The Congress That's Hazardous to Your Health: Two More Nasty Little Bills from House Republicans

This week, the Republican leadership of the House Energy and Commerce Committee is planning to continue its war on Americans’ health by passing two more nasty little bills to weaken public health safeguards under the Clean Air Act.  

Over the last 18 months, the Committee and the full House have passed dozens of bills, amendments, and riders to weaken the Clean Air Act and our other environmental laws.  These two bills target the Clean Air Act provisions that, together with the treaty known as the Montreal Protocol, protect the earth’s fragile ozone layer that shields us from dangerous ultraviolet radiation.  By phasing out ozone-destroying chemicals, these safeguards are saving literally millions of Americans from death and disease due to skin cancer, cataracts, and immune diseases. 

The first bill, grandiosely-titled “The U.S. Agricultural Sector Relief Act,” actually caters to a small sliver of growers of strawberries and other specialty crops.  It would slow, or even reverse, the transition away from methyl bromide, an ozone-destroying and toxic pesticide that was supposed to have been eliminated seven years ago.  Ironically, the bill would increase crop losses for other farmers whose crops are being damaged by increased ultraviolet radiation from a weakened ozone layer.

The second bill, called “The Asthma Inhalers Relief Act,” is designed to put back on the market a banned inhaler that contains both ozone-destroying CFCs and a drug that the nation’s top asthma doctors consider ineffective and even dangerous.

After a perfunctory hearing Wednesday morning, the Energy and Power Subcommittee plans to “mark up” both bills on Thursday.  If passed by the full Committee, the bills will then go to the floor of the House.  Update 8/1/12:  The House Energy and Commerce Committee passed both bills today and sent them to the floor.  Fortunately, they have little chance of passing the Senate.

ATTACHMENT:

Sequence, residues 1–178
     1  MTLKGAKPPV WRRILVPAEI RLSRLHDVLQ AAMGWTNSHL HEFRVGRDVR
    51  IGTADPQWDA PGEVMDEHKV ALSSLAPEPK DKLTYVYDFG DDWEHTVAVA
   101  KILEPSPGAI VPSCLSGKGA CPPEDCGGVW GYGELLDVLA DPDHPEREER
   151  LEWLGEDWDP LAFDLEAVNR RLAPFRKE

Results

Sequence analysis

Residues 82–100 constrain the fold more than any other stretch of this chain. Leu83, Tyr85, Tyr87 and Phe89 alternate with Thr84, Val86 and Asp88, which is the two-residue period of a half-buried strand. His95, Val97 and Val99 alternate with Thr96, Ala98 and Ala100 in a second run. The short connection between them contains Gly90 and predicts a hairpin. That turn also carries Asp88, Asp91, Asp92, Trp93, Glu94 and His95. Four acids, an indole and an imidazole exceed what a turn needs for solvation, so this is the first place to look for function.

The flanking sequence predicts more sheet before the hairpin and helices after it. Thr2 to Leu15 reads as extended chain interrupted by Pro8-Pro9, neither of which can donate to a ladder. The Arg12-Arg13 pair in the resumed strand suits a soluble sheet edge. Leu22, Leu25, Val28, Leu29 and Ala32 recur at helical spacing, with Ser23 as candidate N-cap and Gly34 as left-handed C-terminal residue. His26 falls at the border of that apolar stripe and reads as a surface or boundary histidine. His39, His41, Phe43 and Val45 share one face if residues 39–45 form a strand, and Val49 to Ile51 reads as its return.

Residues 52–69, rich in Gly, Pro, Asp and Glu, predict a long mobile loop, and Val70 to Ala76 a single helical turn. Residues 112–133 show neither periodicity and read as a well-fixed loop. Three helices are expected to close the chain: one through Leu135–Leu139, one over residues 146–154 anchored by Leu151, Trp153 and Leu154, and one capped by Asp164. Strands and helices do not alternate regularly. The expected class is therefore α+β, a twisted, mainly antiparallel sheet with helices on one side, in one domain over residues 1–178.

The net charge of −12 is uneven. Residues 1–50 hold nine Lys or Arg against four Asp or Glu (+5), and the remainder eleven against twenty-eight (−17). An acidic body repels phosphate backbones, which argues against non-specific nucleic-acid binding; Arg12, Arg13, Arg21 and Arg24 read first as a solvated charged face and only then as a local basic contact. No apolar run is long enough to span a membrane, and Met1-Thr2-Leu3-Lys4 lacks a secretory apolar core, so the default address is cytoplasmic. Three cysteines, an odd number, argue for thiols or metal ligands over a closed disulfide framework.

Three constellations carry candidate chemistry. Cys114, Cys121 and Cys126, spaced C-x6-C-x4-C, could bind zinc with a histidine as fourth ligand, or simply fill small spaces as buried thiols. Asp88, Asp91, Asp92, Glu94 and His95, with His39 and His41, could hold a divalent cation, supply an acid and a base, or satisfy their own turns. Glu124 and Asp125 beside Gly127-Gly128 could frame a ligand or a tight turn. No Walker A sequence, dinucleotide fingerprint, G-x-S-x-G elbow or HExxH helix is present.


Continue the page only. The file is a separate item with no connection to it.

Here’s a summary of the testimony I’ll give on the methyl bromide bill at Wdnesday's hearing (the full testimony is here).  After that, I’ve highlighted testimony from the American Thoracic Society on the inhaler bill.

Protection of the ozone layer is a huge bi-partisan public health success story.  The phase-out of ozone-destroying chemicals, including methyl bromide, is saving literally millions of Americans, and tens of millions of people around the world, from death and disease, from skin cancer, cataracts, and immune diseases.  It is also saving farmers billions of dollars in UV-related crop losses. 

Now is not the time to tamper with the Montreal Protocol and the Clean Air Act.  By slowing or even reversing the transition away from methyl bromide, “The U.S. Agricultural Sector Relief Act” will lead to more skin cancers, more cataracts, more immunological disease.  It will benefit strawberry growers and others who have profited by abusing the “critical use exemption” for almost a decade.  Thousands of other farmers growing other crops will suffer more UV-related crop losses as a result.

Methyl bromide suppliers and users have dragged their feet on replacing this dangerous compound for two decades.  No other industry has had more time and more leeway to transition from dangerous ozone-destroying chemicals. 

The United States is responsible for more than 90 percent of all methyl bromide exemptions.  Every other strawberry- and tomato-growing country with California-like growing conditions – including Italy, Spain, Greece, and Australia – has ended use of methyl bromide.   Mexican growers use less methyl bromide per acre than their California counterparts, and Mexico will end methyl bromide use entirely this year.

California strawberry growers have done very well during the whole experience, according to a recent peer-reviewed economic study.  Strawberry acreage is up 16% and yields are up 14% since 2004 despite significant reductions in methyl bromide allocations.  So are U.S. grower prices and total crop values. 

U.S. critical use exemptions have been coming down.  California strawberries are now the only field use for which the U.S. is still seeking critical use exemptions.  Together with several structural and commodity uses, the total U.S. exemption request for 2014 is down to slightly more than 400 tons.    

The bill would do reckless damage in three major ways:  First, it would permanently define as “critical uses” all of the uses that were labeled critical in 2005, even though the vast majority no longer even use methyl bromide.  Absurdly, the bill would make even golf course turf grass a “critical use.”  It makes no sense to freeze into law an utterly out-dated list of “critical uses.”

Second, the bill relieves applicants of the need to show why they need exemptions.  They could just submit their exemption wish lists without any supporting data.  EPA then would bear the burden of gathering the data to support any reduction.  Absent resources and data, EPA would have little choice but to forward the applicants’ unsupported wish lists to the parties.  This would be foolish even from the growers’ perspective.  It actually helps the U.S. government win approval for exemptions to have shown that it has exercised judgment and discipline in framing its requests, and has is not mechanically asked for everything its domestic applicants may have wanted.